When flowers died out in Arctic, so did mammoths

Genetic analysis finds vegetation change around same time as megafauna extinction

WHERE GIANTS WALKED  Mammoths may have roamed steppes dominated by flowering herbs instead of grasses as previously thought, an analysis of ancient plant DNA suggests. Pictured is a mammoth tusk from the Logata River region in Russia.  


Per Möller/Johanna Anjar

For want of mums woolly mammoths were lost.

A genetic analysis of ancient permafrost suggests that after the last Ice Age the Arctic shifted from a landscape dominated by nutritious flowering plants known as forbs to one dominated by hard-to-digest grasses and woody plants. Evolutionary geneticist Eske Willerslev of the University of Copenhagen and his colleagues report the finding in the Feb. 6 Nature. That shift may have helped drive the extinction of large herbivores such as woolly mammoths and woolly rhinoceroses, Willerslev speculates.

The researchers examined 242 permafrost samples from 21 sites in Siberia, Alaska and Canada. Each sample was carbon dated to determine its age. To identify plants in the samples, the researchers sequenced DNA from plant organelles that carry out photosynthesis.

From about 50,000 years ago until around 12,000 years ago, the most abundant plants were forbs that thrived in dry environments. They included relatives of plants such as prairie sagewort, yarrow, chrysanthemums and asters, the researchers discovered.

That means mammoth steppes were probably crazy quilts of blooming plants. Previous studies of ancient pollen had instead suggested the environment was marked by vast grasslands upon which mammoths and other large herbivores grazed.

Between 25,000 and 15,000 years ago, plant diversity plummeted to record lows in the cold, dry climate of the last Ice Age. Forbs still ruled the land, but fewer species could make a go of it.

After temperatures climbed and glaciers receded, the Arctic became wetter. Plant diversity rose again, but instead of reviving pre-Ice Age species, moister soils allowed grasses to rise in prominence and new species such as horsetails, cotton grass, willows and other woody plants to invade.

To find out what prehistoric animals were eating, Willerslev and his colleagues analyzed plant DNA from the guts or fossilized feces of eight large herbivores that lived between 55,000 and 21,000 years ago: four woolly mammoths, two woolly rhinoceroses, a bison and a horse. None of those animals roam the Arctic today. The ancient herbivores dined largely on forbs, the researchers discovered. About 63 percent of plant remains in the samples were forbs, with grasses comprising about 27 percent.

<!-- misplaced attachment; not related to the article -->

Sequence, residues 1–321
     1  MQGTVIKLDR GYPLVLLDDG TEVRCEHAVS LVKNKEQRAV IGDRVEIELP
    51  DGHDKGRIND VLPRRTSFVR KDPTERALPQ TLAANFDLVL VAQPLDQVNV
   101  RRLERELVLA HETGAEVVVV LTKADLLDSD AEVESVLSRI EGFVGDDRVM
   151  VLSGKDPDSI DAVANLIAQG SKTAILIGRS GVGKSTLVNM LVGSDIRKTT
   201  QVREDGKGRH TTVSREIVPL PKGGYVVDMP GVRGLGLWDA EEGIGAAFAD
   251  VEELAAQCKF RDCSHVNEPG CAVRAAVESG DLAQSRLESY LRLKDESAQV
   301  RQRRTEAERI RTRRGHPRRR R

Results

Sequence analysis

“Our study really questions the whole concept that a grass system was necessary to sustain the megafauna,” Willerslev says. “I’m not saying that they weren’t eating grasses, but our data suggest the forbs were sustaining them.”

Researchers extracted DNA from the guts or fossilized feces of eight prehistoric Arctic herbivores and determined the amount of genetic material in the samples that came from different types of plants. Although the diets varied, the animals seemed to prefer protein-rich flowering plants called forbs over grasses, shrubs and trees. The data contradict earlier views that mammoths and other extinct grazers dined mainly on grass. E. Willerslev et al./Nature 2014

Because grasses and shrubs contain fewer nutrients and are harder to digest than forbs, large grazers may have essentially starved to extinction, he speculates. Animals such as reindeer survived by adapting to the vegetation switch, he says.

Missing megafauna may also have led to the decline of the forbs in a vicious cycle, some researchers say.

“All those great big beasts not only ate the vegetation but helped maintain it,” says Scott Elias, a paleoecologist at Royal Holloway, University of London. Trampling and grazing would have spurred growth of forbs and kept grasses down.

Other researchers are happy to see a new technique for reconstructing long-gone landscapes but say the conclusion that vegetation changes contributed to mammoth extinction overreaches.

“This is a fantastic dataset, but if you look closer at the data, the story is not as straightforward as they make it,” says evolutionary biologist Michael Hofreiter of the University of Potsdam in Germany. Vegetation patterns changed most dramatically a few thousand years after woolly mammoths and other megafauna went extinct, he says. Mammoths were gone from most of the Arctic by 10,000 years ago.

What’s more, the gut contents and fecal samples all came from animals that lived before or in the early stages of the Ice Age. So the researchers don’t address what animals ate after the glaciers receded, says paleoecologist Jessica Blois of the University of California, Merced.

And an animal’s last meal doesn’t necessarily represent its usual diet, says Pavel Tarasov, a paleoecologist at the Free University of Berlin. He thinks deep snow may have interfered with the animals’ ability to find food.

Willerslev and others say that combining DNA analysis with other methods of reconstructing the past will give a more complete picture of how ecosystems vary along with climate. The result could aid in predicting future changes.

Editor’s Note: This story was updated February 25, 2014, to correct the organ sampled (the gut) from the herbivores.

Tina Hesman Saey is the senior staff writer and reports on molecular biology. She has a Ph.D. in molecular genetics from Washington University in St. Louis and a master’s degree in science journalism from Boston University.

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